Last night at dinner, the young man sitting next to me had two good questions. The first was from a friend of his who wanted to be a full-time videographer and wanted me to give him some advice on how to get started.
I asked him all of the usual questions. Of course, all his friend wanted was to make ski videos, be popular in the ski world and be able to ski whenever and wherever he wanted.
My answer was simple. If he liked to ski that much, he should go skiing and maybe become a ski instructor. He could teach all winter and spend his hard-earned money on computer chips for the camera that his father gave him.
His young friend had a very major problem, however. He had quit high school when he was a senior and never went back.
I suggested that he might have some problems to overcome on his career path. If he thought high school was too tough, he had either one or more of the following problems: alcohol, drugs or parents, and he should suck it up and go back and at least get a high school degree.
It finally came down to two choices. His friend should join the Army, Navy or Marines and understand the word "discipline," especially since the discipline of making a ski movie is not easy to handle.
While all of your friends are skiing, you are climbing and traversing to get to that special camera angle that will set your video apart from everyone else's. I used an old-fashioned wind up camera and hence I had a heavy load to carry to each camera location.
Then he asked, "When was the last time you bought a lift ticket?"
I had to give him an honest but long answer: "I think it was in November of 1946, when I started making 8mm ski movies at Alta. I soon learned to ask for a trade-off for a free ticket by offering to show Alta when I got back to Southern California. Once I started shooting 16mm film, I would expose from five to as many as 20 rolls of film in a day. At $11 a roll, I was spending a lot more money on film than on a $5 or $10 lift ticket. I also felt that any money I could save on things such as lift tickets or sleeping accommodations, I would spend making the film better."
Back to the young videographer. A military tour of duty can make a responsible adult out of almost any young person. Besides, learning to go without sleep and still operate effectively makes the best out of a young man or woman.
There is an often-told tale that is not very nice about filmmakers. The men and women who can't make a living making movies make a living teaching other people how to make movies. I personally think they would rather have the regular paycheck than the sporadic one of a filmmaker. I was very lucky because I chose the subject of skiing to make movies about when not very many people had ever even seen a ski resort.
There are, however, some very important subjects to study that can make you a better filmmaker. The first is arithmetic because everything connected to the production of a movie revolves around numbers such as travel expenses, cost of the crew, room and board camera rental, editorial costs, musical score, actors and actresses and so on for about three pages of different costs before you even get the job after you figure out what it will cost to make the movie.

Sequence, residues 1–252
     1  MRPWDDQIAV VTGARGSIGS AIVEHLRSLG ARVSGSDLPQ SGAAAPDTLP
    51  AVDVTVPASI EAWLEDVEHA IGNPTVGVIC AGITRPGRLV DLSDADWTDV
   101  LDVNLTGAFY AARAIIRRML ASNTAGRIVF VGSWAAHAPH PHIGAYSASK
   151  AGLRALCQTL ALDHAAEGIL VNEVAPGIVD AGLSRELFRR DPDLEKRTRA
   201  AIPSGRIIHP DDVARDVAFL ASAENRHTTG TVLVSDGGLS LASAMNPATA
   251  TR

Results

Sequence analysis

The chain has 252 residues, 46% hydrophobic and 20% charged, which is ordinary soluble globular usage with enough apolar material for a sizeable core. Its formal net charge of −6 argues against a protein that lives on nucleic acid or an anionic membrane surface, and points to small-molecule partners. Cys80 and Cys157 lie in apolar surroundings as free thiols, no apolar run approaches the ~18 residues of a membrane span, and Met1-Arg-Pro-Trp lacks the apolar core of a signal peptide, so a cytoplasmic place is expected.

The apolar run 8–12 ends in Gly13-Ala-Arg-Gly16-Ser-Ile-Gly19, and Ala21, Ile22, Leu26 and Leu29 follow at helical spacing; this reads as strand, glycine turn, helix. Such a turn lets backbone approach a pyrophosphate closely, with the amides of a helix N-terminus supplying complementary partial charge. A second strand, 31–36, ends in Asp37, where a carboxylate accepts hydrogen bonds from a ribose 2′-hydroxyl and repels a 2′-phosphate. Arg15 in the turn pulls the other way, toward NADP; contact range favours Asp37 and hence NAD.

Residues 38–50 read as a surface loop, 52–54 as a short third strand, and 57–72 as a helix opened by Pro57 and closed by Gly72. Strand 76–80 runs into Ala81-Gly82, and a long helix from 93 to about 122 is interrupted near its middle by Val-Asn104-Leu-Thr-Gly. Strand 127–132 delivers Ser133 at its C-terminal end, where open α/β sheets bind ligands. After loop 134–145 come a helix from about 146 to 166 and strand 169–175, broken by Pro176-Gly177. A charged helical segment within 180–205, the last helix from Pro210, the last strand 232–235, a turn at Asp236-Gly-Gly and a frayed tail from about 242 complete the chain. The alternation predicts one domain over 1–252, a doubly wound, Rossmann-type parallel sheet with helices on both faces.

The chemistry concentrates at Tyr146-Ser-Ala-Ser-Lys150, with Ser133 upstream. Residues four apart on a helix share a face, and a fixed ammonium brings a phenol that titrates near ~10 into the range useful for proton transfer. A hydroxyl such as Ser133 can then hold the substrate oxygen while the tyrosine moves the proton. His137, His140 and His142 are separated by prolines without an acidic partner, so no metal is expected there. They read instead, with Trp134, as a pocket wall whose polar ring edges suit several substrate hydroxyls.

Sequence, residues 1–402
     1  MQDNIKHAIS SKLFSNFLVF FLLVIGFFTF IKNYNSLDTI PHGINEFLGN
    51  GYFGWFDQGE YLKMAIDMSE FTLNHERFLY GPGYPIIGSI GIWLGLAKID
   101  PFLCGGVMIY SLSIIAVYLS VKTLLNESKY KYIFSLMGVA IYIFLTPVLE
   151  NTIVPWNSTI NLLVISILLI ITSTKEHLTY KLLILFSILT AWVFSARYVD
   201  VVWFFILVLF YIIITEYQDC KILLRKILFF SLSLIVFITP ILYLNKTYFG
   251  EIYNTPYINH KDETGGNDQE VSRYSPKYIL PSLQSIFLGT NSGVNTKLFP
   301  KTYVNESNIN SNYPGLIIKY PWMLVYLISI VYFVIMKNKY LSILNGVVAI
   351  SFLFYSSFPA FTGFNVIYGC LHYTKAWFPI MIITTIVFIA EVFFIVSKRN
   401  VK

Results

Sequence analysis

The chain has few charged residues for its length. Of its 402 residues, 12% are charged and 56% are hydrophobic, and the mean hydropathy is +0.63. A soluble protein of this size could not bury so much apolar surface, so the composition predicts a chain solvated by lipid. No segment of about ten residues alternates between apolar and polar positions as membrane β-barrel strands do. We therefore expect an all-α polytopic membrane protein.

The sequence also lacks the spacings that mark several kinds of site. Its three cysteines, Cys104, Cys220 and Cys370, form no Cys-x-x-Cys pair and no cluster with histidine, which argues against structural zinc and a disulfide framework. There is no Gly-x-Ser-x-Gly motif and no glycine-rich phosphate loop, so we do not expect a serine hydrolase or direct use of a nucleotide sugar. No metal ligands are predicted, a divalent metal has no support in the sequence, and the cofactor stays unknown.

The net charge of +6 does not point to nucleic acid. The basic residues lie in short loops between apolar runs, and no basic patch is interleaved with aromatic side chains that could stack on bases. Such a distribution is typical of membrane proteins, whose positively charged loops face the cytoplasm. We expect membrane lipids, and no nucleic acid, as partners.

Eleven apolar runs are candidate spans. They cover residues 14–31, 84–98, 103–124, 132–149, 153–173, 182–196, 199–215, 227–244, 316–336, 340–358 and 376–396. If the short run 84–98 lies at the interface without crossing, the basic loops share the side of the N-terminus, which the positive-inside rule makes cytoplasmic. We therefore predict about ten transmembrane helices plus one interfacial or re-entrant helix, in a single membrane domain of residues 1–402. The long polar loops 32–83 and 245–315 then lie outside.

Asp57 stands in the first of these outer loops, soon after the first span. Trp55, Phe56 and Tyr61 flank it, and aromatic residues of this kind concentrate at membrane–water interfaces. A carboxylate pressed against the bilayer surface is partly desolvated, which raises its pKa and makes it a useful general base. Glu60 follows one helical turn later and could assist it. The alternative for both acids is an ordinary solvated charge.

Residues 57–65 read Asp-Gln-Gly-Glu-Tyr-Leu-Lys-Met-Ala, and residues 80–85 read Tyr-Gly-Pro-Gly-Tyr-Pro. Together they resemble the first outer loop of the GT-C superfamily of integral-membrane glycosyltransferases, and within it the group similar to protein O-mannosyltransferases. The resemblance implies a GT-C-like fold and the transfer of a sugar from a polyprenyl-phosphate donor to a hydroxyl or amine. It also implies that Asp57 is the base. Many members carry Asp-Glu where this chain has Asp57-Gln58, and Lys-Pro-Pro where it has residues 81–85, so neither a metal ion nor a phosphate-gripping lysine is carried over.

The next important subject is artistic composition. I could assign 100 people to photograph something as simple as a square room and I will have 100 different versions of that room.
The third and very important subject you should study is psychology. Most often, the object of your film is to change people's minds about the subject you are producing the movie about. You need to know what makes a person change their mind, and you are the guy who has to do it.
For example, I can film a skier so that you are inspired to try and take up the sport or I can film a skier on a vertical sheet of ice in Chamonix and make it look so dangerous that you would never even want to try to learn how to do something that dangerous.
Filmmaking has been a great lifelong career for me as I was able to parlay a $90, 8mm Bell and Howell wind-up camera into enough money to provide a college education for all three of my children, build a company, employ others and enjoy an extraordinary life.
If you are looking for a profession that has no boundaries, think about filmmaking. Since 1950, someone with my name on his or her heavy rucksack full of camera gear has documented almost every place in the world where there is enough snow on the ground to ski.
All I ever wanted to do was share on film what I always had the privilege of viewing first hand. If I had to do it all over again, I know what I would do differently, like work harder in high school and maybe finish my filmmaking class at USC. It was so boring that I never went to class the third time, but instead I dropped out of college. Luckily, I had already spent my four years in the Navy, so I bought a small trailer and went skiing for the rest of my life. Why not?
Filmmaker Warren Miller lived in Vail for 12 years, and his column began in the Vail Daily before being syndicated to more than 50 publications.